Here’s how the app works. Once you sign up and get settled in, you’ll be able to start interacting with people on Squawkin. There are three tiers of communication that you can use. There is the usual private messaging which is self explanatory. Groups allows you to create a group and populate it with people you know. Then those people can interact much like a chat room. The third tier is called Crowds and that’s kind of like following something on Twitter. You follow a person or interest and you can post there to have everyone see it. Likewise, they can do the same.

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The Surprising New Math of Startups

There were some revelations lurking in the data generated by the Kauffman Foundation’s Firm Survey, one of the longest and largest studies ever of privately owned startups. Three researchers, Carmen Cotei and Susan Coleman of the University of Hartford and Joseph Farhat of Central Connecticut State University, parsed the rich data to see what effect things like age, gender, and amount of startup capital had on company outcomes after five years.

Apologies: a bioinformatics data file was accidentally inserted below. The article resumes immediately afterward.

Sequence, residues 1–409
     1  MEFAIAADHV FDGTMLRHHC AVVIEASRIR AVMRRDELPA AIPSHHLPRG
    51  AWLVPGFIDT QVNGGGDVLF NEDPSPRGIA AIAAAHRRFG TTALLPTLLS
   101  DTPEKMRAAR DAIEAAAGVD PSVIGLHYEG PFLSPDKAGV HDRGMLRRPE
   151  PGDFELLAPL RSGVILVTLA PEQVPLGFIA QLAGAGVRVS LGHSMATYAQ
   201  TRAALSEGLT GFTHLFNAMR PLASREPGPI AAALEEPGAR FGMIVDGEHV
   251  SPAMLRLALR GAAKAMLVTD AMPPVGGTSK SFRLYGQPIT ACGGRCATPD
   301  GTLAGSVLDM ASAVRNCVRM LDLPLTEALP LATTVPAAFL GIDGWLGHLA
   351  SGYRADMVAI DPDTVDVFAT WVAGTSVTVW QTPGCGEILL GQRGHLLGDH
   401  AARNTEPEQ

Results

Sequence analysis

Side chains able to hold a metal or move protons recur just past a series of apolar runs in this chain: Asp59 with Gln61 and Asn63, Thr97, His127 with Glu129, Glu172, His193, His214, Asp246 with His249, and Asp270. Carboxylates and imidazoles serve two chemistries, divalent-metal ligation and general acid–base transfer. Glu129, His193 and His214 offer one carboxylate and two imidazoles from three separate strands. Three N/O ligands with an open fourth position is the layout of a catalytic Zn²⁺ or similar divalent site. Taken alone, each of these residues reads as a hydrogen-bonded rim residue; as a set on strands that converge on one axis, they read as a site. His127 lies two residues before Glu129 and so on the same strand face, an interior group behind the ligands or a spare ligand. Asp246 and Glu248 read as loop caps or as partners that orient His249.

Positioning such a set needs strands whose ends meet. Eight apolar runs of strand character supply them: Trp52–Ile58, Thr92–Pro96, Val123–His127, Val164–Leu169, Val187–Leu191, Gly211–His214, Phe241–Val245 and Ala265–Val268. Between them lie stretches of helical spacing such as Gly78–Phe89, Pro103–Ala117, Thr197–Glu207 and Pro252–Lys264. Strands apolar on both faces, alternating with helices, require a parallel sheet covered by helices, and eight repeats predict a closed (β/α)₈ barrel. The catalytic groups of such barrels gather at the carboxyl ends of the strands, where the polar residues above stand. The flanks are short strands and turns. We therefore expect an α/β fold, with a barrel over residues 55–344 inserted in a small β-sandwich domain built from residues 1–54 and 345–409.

They were a little amazed at what they learned. For instance, intellectual property had no significant effect on survival or closure. And they found no statistical difference in the survival or closure rates between male- and female-led companies. “This really surprised us,” said Farhat. “We haven’t been able to establish that definitively before.” Time to check a few assumptions at the door when predicting startup winners and losers.